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At Nevada GOP Caucuses, Chaos Reigns

In Nevada, nothing ever goes the way it's supposed to, at least where the GOP is concerned. REUTERS/Jim Young

Donald Trump won the Nevada Republican caucuses on Tuesday, and in a way it's fitting that the bombastic real estate mogul scored his third victory amid allegations of voter fraud, mismanagement by the Nevada GOP and a general air of chaos.

Almost as soon as caucusgoers began to trickle into their appointed caucus locations Tuesday night, reports surfaced of things going wrong in Nevada: long lines, not enough ballots, voters voting twice, polling stations that were supposed to exist but didn't.

Not that this sort of thing is unusual for Nevada. In 2008, Ron Paul supporters hijacked the state nominating convention, forcing rule changes designed to help their candidate. Those measures delayed the process to the point that the party's event space rental for the state convention expired, and GOP bigwigs postponed it indefinitely. In 2012, Mitt Romney didn't find out he'd won Nevada until three days after the caucuses—local party leaders couldn't agree on a unified system for counting ballots. In Clark County, where two-thirds of the state lives, GOP representatives that year counted ballots by hand.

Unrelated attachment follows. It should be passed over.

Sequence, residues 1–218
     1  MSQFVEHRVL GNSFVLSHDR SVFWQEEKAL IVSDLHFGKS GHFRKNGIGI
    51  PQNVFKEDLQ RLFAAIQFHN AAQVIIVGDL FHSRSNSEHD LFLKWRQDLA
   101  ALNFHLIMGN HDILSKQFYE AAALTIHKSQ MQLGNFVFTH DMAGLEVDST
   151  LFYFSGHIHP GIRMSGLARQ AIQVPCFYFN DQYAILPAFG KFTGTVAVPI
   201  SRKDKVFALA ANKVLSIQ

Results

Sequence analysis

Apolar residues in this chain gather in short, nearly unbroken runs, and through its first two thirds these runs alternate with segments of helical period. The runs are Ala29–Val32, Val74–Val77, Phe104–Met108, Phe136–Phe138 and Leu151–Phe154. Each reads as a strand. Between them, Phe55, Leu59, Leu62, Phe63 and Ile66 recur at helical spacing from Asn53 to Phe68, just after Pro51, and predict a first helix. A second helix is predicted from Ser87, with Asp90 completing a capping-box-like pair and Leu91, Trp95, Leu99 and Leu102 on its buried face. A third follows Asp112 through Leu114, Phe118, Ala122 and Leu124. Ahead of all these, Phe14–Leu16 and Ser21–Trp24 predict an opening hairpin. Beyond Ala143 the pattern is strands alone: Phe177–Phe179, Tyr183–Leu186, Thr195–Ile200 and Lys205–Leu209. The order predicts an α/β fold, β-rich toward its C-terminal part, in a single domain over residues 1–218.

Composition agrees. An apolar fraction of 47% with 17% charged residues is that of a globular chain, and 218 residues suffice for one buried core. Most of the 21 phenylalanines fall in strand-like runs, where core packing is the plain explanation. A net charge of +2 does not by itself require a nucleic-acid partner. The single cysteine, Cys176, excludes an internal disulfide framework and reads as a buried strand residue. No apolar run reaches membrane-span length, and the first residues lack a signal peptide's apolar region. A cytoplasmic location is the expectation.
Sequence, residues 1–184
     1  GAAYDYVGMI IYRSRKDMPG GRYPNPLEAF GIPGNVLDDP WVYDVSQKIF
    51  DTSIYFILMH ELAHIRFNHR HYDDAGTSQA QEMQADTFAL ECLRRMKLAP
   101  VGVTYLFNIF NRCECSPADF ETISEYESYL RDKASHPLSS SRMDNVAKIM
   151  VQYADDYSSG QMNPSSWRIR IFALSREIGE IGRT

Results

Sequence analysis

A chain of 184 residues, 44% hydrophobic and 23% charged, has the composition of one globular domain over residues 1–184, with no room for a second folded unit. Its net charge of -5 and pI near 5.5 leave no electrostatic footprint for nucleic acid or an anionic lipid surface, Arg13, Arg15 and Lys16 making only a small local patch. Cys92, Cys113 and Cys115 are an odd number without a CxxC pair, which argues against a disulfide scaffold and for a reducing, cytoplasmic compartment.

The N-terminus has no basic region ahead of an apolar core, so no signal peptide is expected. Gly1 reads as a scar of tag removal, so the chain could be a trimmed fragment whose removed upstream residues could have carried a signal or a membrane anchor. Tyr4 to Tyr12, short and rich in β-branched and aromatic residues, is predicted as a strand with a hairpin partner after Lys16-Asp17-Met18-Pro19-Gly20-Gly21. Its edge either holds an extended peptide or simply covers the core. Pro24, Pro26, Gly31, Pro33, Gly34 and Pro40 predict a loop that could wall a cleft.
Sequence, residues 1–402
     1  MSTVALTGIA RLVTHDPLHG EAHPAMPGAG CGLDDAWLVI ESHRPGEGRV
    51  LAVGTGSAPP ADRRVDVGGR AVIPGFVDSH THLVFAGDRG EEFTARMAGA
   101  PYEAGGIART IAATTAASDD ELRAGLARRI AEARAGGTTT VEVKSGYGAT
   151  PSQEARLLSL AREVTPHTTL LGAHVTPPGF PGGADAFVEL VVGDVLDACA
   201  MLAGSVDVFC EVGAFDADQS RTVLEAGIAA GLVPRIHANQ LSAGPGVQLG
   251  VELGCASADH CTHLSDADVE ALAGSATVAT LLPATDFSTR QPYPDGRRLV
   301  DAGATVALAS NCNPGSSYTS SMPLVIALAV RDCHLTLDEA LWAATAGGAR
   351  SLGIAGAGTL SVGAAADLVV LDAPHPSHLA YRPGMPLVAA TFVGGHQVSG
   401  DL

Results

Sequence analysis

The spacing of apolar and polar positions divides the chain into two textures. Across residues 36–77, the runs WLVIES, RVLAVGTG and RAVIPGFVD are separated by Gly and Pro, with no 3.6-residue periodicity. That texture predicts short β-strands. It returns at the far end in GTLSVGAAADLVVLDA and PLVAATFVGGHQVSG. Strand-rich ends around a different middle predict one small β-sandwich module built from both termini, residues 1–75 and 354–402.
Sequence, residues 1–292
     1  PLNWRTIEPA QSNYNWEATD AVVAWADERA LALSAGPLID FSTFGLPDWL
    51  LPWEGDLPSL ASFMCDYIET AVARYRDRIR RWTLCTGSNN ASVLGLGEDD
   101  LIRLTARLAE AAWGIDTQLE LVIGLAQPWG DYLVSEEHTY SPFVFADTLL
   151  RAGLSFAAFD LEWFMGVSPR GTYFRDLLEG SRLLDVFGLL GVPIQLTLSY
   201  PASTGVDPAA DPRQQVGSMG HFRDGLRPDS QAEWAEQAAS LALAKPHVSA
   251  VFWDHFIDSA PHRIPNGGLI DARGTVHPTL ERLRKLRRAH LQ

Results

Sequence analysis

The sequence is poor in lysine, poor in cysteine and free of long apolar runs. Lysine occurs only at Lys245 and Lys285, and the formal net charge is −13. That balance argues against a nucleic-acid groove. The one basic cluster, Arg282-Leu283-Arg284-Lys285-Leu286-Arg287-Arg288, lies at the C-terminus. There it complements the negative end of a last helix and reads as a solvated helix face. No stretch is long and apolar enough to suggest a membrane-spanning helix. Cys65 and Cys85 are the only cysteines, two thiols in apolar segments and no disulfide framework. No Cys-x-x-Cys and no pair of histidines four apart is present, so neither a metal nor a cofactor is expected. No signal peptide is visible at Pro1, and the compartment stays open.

On Tuesday, reports also circulated that caucus volunteers showed up in Trump gear, including hats and shirts. In most states, even party-affiliated volunteers aren't supposed to show a preference for any candidate.

The Nevada GOP said no official complaints were received about voting issues and tweeted on Tuesday that it didn't have a problem with volunteers showing up in Trump merchandise.

At Nevada GOP Caucuses, Chaos Reigns | U.S.